Juvenile cellulitis, also known as puppy strangles or juvenile pyoderma, is an uncommon disease of dogs. Symptoms include dermatitis, lethargy, depression and lameness. When puppies are first presented with what appears to be staphylococcal pyoderma, juvenile cellulitis, a relatively rare condition, may not be considered.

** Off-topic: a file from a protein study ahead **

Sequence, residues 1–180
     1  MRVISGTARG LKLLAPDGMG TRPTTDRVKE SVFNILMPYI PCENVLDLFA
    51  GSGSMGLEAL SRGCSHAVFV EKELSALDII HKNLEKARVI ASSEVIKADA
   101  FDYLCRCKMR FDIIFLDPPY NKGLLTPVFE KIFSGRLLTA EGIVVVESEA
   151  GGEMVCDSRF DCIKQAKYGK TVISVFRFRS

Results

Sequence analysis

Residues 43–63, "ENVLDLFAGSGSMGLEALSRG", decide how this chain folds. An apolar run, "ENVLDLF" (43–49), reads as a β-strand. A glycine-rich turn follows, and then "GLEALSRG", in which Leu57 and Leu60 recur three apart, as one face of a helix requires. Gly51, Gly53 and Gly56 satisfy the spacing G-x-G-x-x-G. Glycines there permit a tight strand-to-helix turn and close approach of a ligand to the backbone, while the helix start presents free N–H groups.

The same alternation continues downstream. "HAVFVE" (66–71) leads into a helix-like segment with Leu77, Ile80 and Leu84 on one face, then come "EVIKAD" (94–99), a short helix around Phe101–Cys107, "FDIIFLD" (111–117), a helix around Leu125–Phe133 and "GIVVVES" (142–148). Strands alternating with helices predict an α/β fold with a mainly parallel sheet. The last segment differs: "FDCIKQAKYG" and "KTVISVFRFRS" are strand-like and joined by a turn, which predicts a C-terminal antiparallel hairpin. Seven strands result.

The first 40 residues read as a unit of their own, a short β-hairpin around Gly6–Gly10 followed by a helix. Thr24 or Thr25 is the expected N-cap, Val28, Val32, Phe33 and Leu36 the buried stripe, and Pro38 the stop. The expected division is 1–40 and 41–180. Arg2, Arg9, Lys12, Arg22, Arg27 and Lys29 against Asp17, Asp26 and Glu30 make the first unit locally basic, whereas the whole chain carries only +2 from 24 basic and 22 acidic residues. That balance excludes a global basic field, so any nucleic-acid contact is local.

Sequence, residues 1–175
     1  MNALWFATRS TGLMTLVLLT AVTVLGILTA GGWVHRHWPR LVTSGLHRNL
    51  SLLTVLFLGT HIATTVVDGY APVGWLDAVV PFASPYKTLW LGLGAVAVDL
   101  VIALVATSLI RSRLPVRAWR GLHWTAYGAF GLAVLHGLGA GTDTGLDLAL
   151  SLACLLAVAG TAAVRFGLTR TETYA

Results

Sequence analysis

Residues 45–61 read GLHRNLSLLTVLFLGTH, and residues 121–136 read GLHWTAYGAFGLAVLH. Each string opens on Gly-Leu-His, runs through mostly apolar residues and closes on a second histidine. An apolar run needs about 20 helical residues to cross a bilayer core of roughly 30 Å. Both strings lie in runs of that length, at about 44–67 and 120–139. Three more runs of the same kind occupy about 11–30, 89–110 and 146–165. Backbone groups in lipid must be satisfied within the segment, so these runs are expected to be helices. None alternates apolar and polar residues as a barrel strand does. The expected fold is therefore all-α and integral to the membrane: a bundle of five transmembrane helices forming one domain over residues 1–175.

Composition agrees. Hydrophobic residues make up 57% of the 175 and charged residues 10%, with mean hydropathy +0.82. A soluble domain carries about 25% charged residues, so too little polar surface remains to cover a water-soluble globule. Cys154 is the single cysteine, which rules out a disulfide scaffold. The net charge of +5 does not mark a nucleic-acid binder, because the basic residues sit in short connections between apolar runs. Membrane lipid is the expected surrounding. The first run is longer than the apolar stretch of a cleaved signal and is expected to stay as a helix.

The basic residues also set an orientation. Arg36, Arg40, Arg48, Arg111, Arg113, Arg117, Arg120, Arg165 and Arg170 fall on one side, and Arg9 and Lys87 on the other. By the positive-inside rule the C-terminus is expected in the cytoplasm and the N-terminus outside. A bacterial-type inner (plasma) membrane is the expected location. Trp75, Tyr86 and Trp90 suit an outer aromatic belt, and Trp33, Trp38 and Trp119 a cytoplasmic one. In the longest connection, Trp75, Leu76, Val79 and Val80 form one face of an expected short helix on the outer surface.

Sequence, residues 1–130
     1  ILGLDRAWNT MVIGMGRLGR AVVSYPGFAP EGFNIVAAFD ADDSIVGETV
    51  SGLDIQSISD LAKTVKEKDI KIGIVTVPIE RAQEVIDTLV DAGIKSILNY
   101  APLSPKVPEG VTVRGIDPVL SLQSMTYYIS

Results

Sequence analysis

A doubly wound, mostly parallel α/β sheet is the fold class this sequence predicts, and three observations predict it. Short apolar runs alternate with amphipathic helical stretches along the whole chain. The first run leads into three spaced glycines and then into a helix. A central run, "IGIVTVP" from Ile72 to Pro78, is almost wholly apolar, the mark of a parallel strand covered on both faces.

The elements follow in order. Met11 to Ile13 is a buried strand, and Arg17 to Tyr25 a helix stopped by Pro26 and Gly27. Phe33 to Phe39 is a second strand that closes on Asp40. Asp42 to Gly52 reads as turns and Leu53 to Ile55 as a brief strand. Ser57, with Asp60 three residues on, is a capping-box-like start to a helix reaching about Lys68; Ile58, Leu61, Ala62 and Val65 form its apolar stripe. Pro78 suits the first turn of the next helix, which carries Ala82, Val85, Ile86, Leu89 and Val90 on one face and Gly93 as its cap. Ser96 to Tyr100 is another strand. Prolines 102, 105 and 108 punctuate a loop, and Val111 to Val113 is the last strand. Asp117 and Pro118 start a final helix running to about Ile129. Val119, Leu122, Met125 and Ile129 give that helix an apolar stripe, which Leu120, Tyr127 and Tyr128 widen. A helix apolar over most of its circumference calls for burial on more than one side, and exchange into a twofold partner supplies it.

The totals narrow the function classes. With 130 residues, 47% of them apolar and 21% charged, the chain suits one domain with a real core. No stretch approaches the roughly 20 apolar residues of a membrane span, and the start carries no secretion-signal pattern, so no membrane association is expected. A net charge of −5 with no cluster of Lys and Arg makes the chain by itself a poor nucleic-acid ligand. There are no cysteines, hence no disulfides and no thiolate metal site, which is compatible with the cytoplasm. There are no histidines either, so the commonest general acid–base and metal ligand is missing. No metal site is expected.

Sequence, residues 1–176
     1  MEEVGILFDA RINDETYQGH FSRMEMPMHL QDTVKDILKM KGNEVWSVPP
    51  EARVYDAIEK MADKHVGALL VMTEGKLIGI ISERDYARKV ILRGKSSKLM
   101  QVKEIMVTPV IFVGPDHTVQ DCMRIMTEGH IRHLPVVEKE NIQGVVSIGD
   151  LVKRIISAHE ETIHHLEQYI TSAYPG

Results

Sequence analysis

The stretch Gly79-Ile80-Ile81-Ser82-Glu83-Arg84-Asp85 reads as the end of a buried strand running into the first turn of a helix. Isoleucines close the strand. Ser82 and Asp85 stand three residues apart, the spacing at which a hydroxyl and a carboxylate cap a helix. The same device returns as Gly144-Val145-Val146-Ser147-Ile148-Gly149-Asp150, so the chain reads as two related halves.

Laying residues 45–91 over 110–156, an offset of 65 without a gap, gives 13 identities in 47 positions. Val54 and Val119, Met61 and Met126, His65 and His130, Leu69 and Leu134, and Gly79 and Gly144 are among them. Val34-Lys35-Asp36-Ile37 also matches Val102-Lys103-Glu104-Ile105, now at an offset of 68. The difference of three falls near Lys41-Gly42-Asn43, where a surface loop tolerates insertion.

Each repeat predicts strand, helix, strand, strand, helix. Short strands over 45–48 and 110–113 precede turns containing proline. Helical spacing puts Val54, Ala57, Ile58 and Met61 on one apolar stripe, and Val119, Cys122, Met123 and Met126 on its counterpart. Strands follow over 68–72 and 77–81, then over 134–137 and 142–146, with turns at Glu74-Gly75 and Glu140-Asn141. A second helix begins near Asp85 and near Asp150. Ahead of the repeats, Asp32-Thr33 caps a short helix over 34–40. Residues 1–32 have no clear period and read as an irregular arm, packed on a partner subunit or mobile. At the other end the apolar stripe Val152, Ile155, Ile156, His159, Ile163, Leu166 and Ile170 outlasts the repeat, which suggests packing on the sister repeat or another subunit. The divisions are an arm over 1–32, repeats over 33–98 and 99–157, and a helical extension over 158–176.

The first symptom is a sudden onset of swelling of the face, which develops within two days into papules and pustules on the lips, nose, and around the eyes. These pustules release a purulent discharge, causing a crust to form on the skin. There is also lymphadenopathy (swelling of lymph nodes) in the main lymph nodes of the head. The feet, body, prepuce or perianal area may be affected. Pustular otitis externa can occur, with the pinnae (ear flaps) becoming thickened by edema. Affected areas are painful but not itchy. Approximately half of affected puppies have lethargy and depression. Less common symptoms include pyrexia, anorexia, and joint pa